On its first weekend (6 Nov. 2014) in Germany, the film had the worst per-screen average (PTA) of all new films (No.31) and vanished quickly from the theatres. This was unexpected because it featured well-known German actors and usually children's films do well at the box-office. See more »
"Quatsch und die Nasenbärbande" is about a coati named "Quatsch" (means "Nonsense" and a group of very small children living in the most average town in Germany. As their place is so average, a group of pollsters show up knowing that everything the citizens of this town like will also find great approval in the rest of Germany. Sadly a coati is not very average, so he needs to be gone. As do the grandparents of the children, who try to come up with weird inventions or are just goofy in general. So are the grandchildren, but sadly not the parents who try to get the elderly into retirement homes. Looks like silliness and creativity skip a generation in this film.
The film is what the title implies: nonsense, but not necessarily in a bad way. I saw a making-of documentary before watching the actual movie, which focused mostly on the work with the coatis and how there never have been coatis "acting" in a movie before (or at least not in a central role, I'm not entirely sure). As the film focused more on all the inventions, especially towards the end, than on the relationships between the characters, it was not that emotionally involving. There were a few nice scenes though where we see one of the elderly waving through the window of a car towards their grandchildren. Another had the life story of a woman who was a climber and who was not allowed by her daughter to climb a tree now that she was old. That old woman and her grandchild sitting atop of the tree, with the daughter/mother standing down there and complaining about the two actually summarized the character relationships nicely in one single scene.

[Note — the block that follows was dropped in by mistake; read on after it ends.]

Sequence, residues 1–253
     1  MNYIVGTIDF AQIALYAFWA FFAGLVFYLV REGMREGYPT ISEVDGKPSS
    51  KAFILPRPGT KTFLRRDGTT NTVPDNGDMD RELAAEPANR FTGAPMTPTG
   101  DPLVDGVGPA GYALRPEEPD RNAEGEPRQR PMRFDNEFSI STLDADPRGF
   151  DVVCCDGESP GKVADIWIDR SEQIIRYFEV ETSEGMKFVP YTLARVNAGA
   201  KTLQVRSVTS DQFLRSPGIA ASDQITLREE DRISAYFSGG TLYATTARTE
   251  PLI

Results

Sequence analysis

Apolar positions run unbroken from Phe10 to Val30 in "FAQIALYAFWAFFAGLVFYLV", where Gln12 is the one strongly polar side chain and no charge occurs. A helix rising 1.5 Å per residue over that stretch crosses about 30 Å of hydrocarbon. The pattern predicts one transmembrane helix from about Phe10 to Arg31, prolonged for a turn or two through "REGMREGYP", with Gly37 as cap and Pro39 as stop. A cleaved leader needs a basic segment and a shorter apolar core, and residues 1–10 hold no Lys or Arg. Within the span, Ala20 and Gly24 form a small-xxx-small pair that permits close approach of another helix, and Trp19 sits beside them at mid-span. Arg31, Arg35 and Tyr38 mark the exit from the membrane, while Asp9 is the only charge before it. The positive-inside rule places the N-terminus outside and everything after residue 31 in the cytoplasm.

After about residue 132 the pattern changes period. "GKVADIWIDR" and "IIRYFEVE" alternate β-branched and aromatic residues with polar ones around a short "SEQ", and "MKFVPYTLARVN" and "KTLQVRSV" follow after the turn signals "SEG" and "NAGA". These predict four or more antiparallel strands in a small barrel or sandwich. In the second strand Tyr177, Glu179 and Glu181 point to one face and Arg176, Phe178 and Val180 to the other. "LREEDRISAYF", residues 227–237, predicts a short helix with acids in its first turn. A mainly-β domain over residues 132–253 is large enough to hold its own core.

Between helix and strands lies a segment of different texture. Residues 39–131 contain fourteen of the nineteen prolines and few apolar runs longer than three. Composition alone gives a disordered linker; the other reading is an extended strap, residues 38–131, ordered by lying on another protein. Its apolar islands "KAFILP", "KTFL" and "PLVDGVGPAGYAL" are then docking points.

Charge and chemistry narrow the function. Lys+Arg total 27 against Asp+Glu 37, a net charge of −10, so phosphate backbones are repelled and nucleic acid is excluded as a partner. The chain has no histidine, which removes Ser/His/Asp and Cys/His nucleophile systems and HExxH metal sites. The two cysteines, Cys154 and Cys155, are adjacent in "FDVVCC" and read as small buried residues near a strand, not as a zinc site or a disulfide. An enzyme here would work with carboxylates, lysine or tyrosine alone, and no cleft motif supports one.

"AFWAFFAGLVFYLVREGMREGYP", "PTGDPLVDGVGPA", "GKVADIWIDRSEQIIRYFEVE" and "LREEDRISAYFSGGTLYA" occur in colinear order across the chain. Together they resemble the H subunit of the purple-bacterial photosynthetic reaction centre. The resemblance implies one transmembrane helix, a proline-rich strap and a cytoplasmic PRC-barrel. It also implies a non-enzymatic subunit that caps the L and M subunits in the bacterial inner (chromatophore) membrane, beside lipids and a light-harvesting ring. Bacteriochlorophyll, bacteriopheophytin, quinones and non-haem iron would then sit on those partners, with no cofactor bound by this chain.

All in all, it was a good film, especially for younger audiences. unfortunately, the whole technical stuff including the inventions did not interest me that much and as it was the great highlight finally, it left me a bit disappointed with the ending. I'd have liked to see more coati action instead, especially with the coati featured prominently in the film's title. The only invention idea which made me smile was the idea of providing every household with milk directly from the cattle with the help of a giant tube system. The kids tying up the kindergarten worker was a funny running gag and did not feel repetitive to me. The film's main theme song was catchy too.
Finally, looking at the cast, you will find a handful established German actors here. They all don't have that much screen time as it is the kids pretty much from start to finish (the grown-ups even sleep for a large part of the movie), but you get to see Benno Fürmann, Fritzi Haberlandt, Rolf Zacher, Volker Michalowski and some more. As a whole I can recommend watching this film. The plot about getting the grandparents back is a nice one that adds some warmth to the otherwise goofy plots. To sum it all up, I would like to mention a scene very early in the movie during which the kids sit atop a construction site. This shot made me think about the famous "Manhattan Steelworkers" portrait and I genuinely wonder if this was actually the filmmakers' intention or just a random idea that came to my mind.
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